• Epstein-Barr virus subtypes
  • Epstein-Barr virus nuclear antigen 2
  • latent membrane protein 1
  • oral squamous cell carcinomas
  • EBV nuclear antigen 2, EBER1, EBV encoded RNA 1
  • EBNA2, EBV nuclear antigen 2
  • EBV, Epstein-Barr virus
  • HPV, human papillomavirus
  • LMP-1, latent membrane protein 1
  • NISH, non-isotopic in situ hybridisation
  • PCR, polymerase chain reaction
  • RBPJκ, recombination signal binding protein Jκ

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Epstein-Barr virus (EBV) causes widespread infection; it is known to be the causative agent of infectious mononucleosis, and is associated with Burkitt's lymphoma, nasopharyngeal carcinoma, peripheral T cell lymphoma, and other cancers.1–4 Recently, 7–10% of gastric carcinomas were also reported to be infected with EBV.5–7 Furthermore, there are two subtypes of EBV, A (type 1) and B (type 2), which differ in their ability to transform B cells (a process known as immortalisation).8, 9 EBV nuclear antigen 2 (EBNA2) function is associated with this phenomenon.10–14 Rickinson et al reported that the type B virus is much less efficient at immortalisation of B cells than the type A virus.15 This may be one reason why the type B virus had long remained undiscovered. EBV type A virus is predominant in developed countries.16 The type B virus was recently discovered in patients with Burkitt's lymphoma in central Africa and New Guinea, and in one study was found in 40% of patients with Burkitt's lymphoma.17 Type B virus differs in the BamHI YH region encoding EBNA2,17, 18 and because of its restricted geographical distribution a close association with Burkitt's lymphoma was suggested. However, recent investigations have revealed that the type B virus is also frequently found in normal populations in the USA, and not only in the endemic area of Burkitt's lymphoma.19 Sixbey et al reported type B virus infection in 40% of healthy individuals in the USA,20 and Scully et al reported that the occurrence of B type virus infection in human immunodeficiency virus positive subjects was higher than that seen in the general community.21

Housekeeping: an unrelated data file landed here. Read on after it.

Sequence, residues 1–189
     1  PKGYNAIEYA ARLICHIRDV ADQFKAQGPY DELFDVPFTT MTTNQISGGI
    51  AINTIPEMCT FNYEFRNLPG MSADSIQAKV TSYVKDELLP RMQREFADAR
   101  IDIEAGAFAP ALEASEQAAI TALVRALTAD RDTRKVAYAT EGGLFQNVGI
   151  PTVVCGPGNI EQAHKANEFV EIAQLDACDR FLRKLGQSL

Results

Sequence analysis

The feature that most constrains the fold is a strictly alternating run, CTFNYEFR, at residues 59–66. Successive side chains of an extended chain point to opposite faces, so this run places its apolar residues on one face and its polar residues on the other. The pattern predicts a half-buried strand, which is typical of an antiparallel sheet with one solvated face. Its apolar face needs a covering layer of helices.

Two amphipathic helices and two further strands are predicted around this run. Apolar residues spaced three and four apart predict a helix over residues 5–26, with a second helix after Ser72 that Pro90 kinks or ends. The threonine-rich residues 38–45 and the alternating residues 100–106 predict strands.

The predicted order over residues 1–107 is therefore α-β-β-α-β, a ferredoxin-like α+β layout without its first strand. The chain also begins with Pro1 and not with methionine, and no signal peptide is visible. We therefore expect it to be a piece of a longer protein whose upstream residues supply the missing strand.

In mainland Japan, type A virus has been reported to be predominant. Kunimoto et al reported that 37 of 79 cases of tonsillitis contained type A virus, and only one type B.22 Tomita and colleagues23 reported that type B virus was detected in one case in 37 cases of malignant lymphoma of the sinonasal region, compared with 22 of 37 cases with type A virus infection. Furthermore, Sidagis et al reported 73 cases of EBV related gastric carcinoma in mainland Japan, of which 51 cases were infected with type A virus, and only four with type B.24